Lots of variables here -- the important think is to keep the dog on something to protect against heartworms!
|05-15-2014 08:13 PM|
Originally Posted by Kojack View Post
The question I would ask myself, if I were you, is whether or not you need the "Multi" side of "Advantage Multi" year-round given where you live. For example, are fleas a year round problem where you live?
I would also consider what application/delivery method you prefer. The comments I made earlier about the topical application method were based on my personal preference, not safety issues.
Anyway, I hope Magwart re-visits this thread to share more of her personal experiences with using Advantage Multi.
|05-14-2014 02:11 PM|
|Kojack||So is Advantage Multi safe? This is a 6 month old with no history of hw.|
|05-14-2014 10:46 AM|
|blackshep||With horses, we rotate dewormers to help avoid a resistance issue. Would this be something that people should do with heartworm medication, rather than sticking with one brand/drug class?|
|05-13-2014 08:53 PM|
Magwart –I didn’t find any scientific data to support (or refute) what I have been told by my vets re: using an ivermectin-based preventive for dogs that have previously been treated for heartworm…. it is very possible that this information is simply not up-to-speed on the latest thinking because I did get the distinct impression that my vet doesn’t see dogs that have been treated for being HW+ that often.
To be fair to my vet, I probably also dismissed Advantage Multi as an option for me as I really do dislike the topical application method and I do not live in an area where year round flea/tick treatment is necessary.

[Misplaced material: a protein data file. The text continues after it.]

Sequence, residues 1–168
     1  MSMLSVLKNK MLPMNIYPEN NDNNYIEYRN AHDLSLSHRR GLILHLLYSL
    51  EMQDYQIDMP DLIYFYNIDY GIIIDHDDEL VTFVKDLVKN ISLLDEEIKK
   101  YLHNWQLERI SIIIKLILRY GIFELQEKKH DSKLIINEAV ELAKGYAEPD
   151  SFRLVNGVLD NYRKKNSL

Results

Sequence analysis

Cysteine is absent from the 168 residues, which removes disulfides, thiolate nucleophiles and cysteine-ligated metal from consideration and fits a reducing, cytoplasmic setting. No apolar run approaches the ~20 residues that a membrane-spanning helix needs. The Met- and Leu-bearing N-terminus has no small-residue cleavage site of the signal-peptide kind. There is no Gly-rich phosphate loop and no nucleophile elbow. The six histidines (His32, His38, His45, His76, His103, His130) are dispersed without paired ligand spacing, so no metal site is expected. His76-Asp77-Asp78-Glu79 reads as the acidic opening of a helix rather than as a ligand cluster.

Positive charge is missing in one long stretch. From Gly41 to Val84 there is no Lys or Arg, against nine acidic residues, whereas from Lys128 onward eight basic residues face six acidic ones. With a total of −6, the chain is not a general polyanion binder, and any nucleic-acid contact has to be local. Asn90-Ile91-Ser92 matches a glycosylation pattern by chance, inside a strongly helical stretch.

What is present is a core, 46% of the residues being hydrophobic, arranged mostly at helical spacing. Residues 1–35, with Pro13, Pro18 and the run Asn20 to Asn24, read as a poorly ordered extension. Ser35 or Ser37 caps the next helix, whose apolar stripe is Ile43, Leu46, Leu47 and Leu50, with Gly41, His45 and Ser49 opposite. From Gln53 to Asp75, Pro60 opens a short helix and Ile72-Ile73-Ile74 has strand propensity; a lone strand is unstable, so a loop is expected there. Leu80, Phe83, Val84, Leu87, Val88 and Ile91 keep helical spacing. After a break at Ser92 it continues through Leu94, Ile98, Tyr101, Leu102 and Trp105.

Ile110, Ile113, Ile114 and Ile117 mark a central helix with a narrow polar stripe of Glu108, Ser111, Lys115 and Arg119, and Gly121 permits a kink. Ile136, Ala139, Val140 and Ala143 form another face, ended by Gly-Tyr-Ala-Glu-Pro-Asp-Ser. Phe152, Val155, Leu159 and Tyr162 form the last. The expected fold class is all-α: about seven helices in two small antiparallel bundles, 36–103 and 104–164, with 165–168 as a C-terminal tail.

Anyway, I did find some interesting info on ML resistance that I thought I would post here for you. You have probably already read these, but just in case…
CAPC changes heartworm guidelines due to evidence of resistance - DVM
|05-13-2014 09:23 AM|
Originally Posted by Magwart View Post
That is really interesting to hear. I will see if I can find some info, but primarily this is what I have heard from veterinarians in my area. I know that my vet special orders HeartGuard for me because the product they sell is not Ivermectin-based and they recommended that I use an Ivermectin-based product.
It seems that I may have some more research to do on this topic as I bet the vets in your area have a lot more experience dealing with dogs that have been treated for HW than my vet.
|05-13-2014 02:48 AM|
Originally Posted by LifeofRiley View Post
Advantage Multi uses moxidectin, which is the same class as ivermectin, but formulated differently. Down here, many vets actually are putting HW+ dogs on Multi instead of ivermectin-based products. Our rescue's vet wants all the HW+ dogs on Multi, not ivermectin.
|This thread has more than 10 replies. Click here to review the whole thread.|